Binary approaches also have the potential to polarise and detract from the need to achieve education transformation and integration of groups through the use of different languages, rather than in spite of them. Widening access satisfies both educational and transformational goals and it is for this reason that associating one language with one campus is incongruent with any vision for education and diversity at the NWU.
It is worthwhile to consider the words of Constitutional Court Judge Johan Froneman when he urged language rights activists to recognise “the complexity of the language rights of others and the unequal treatment of oppressed people of other races in the past, let alone the continued existence of historic privilege.”
Some commentators argue that the NWU’s Potchefstroom Campus is the last campus in the country where Afrikaans is perceived to be the exclusive language of teaching and learning and that this should stay so, even if it excludes other languages. The fact is that the Potchefstroom Campus is not an exclusively Afrikaans campus and has not been for some time.
On the Potchefstroom Campus the majority of postgraduate programmes are conducted in English. Undergraduate programmes are delivered in a variety of languages and modalities (parallel, interpreting and single language), sometimes mandated for educational reasons and/or required by professional bodies.
To argue that Potchefstroom is exclusively Afrikaans, is therefore a misrepresentation of its academics, students and its programmes. Such rhetoric has the danger of focussing attention on defending false ‘positions’, rather than engaging in the work of building bridges – through our languages – to academic success and understanding.
A minority of commentators allege that management has already made a decision on the language policy of the NWU. This is not true. Management, like any other consulting structure, must explore all possibilities aimed at maximising student access and success in relation to the sustainability of the university as community and institution.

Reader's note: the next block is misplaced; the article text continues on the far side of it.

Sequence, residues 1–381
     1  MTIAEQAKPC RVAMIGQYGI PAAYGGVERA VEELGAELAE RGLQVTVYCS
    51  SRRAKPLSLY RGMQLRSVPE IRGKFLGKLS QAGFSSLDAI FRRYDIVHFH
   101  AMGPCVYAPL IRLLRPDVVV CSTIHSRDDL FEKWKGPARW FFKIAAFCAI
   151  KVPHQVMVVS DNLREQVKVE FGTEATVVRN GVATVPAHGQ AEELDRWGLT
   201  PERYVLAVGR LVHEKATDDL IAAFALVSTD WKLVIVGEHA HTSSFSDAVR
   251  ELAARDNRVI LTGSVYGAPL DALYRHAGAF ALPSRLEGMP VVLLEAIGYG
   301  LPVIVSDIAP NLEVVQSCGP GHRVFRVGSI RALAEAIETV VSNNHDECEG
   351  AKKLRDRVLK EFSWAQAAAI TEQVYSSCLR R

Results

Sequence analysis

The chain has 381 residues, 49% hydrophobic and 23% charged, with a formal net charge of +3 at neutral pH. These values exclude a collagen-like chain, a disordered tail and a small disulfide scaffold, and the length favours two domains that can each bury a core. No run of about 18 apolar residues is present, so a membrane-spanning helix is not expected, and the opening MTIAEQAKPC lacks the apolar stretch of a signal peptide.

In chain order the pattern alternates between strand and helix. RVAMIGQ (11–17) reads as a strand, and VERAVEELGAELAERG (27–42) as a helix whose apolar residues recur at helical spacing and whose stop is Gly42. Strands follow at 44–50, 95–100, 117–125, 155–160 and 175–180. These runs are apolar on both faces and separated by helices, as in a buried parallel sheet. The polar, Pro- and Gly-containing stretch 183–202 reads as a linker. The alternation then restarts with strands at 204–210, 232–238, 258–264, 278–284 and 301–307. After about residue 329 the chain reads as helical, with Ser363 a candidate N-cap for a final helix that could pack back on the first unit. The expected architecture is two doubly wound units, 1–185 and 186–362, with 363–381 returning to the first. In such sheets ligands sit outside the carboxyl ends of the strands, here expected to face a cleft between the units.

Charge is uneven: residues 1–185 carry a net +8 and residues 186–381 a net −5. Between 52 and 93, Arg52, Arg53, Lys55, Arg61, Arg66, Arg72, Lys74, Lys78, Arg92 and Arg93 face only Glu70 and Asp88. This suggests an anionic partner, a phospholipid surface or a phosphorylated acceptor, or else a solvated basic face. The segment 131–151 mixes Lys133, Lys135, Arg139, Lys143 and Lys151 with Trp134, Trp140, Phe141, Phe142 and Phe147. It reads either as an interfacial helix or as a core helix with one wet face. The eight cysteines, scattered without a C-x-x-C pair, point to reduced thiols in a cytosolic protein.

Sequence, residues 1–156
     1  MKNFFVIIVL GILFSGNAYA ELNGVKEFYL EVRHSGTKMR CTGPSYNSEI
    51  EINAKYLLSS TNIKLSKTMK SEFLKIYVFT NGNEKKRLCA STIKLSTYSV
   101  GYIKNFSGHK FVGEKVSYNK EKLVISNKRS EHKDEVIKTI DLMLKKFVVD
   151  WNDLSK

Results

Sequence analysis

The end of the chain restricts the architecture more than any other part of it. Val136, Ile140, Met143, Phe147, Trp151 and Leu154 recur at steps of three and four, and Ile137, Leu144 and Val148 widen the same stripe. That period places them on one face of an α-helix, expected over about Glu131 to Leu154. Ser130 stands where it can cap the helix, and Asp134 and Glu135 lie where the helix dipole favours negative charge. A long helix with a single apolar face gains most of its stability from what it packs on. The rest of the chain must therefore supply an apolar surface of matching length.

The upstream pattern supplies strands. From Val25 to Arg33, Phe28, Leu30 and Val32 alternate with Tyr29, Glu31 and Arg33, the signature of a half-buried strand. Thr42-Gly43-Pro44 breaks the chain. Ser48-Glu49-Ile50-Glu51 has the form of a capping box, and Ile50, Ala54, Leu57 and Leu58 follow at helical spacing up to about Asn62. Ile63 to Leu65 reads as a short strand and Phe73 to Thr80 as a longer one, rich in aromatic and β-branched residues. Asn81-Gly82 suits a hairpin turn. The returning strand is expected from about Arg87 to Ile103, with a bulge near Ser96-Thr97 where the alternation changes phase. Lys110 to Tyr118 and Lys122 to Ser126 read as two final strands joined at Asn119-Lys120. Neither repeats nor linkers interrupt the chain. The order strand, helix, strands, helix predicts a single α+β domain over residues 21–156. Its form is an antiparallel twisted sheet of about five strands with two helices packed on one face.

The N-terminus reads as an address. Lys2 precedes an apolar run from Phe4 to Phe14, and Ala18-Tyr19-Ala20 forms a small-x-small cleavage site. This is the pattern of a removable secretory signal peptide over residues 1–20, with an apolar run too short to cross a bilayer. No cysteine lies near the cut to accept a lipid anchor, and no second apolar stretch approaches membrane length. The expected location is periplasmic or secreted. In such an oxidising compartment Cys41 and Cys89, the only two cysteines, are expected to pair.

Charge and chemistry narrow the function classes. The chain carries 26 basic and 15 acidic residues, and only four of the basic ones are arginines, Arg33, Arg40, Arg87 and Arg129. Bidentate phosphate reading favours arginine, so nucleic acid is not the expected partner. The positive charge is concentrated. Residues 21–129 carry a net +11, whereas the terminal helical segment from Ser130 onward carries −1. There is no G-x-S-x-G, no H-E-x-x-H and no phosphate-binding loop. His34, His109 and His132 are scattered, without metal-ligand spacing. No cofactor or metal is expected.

This allegation also ignores the fact that the language policy is approved by the NWU Council with the approval of the Senate. Labelling leadership as hypocritical or as agents or betrayers of any one language group, reveals instead an impulse to simplify complexity, ignore constitutional imperatives and focus instead on perspectives of race, language and identity not supported by thinking South Africans. Responsible South Africans must be concerned with building the whole nation, as all public universities are committed to do.
I know that the vast majority of our students, staff and alumni detest such attempts to divide, and want only that which seeks to embrace our rich language landscape and allow all to feel included.
Consultation is key in the revision of the North-West University’s language policy
9 March 2018
The five-yearly revision of the North-West University’s (NWU) Language Policy and Plan (LPP) is taking place presently and includes an intensive consultation process with various structures and stakeholders. All policies of the NWU are in the process of being reviewed following the adoption of a new strategy, structure and statute.
The project team welcomes all stakeholder inputs and invites participation by members of the university community in the ongoing process of consultation.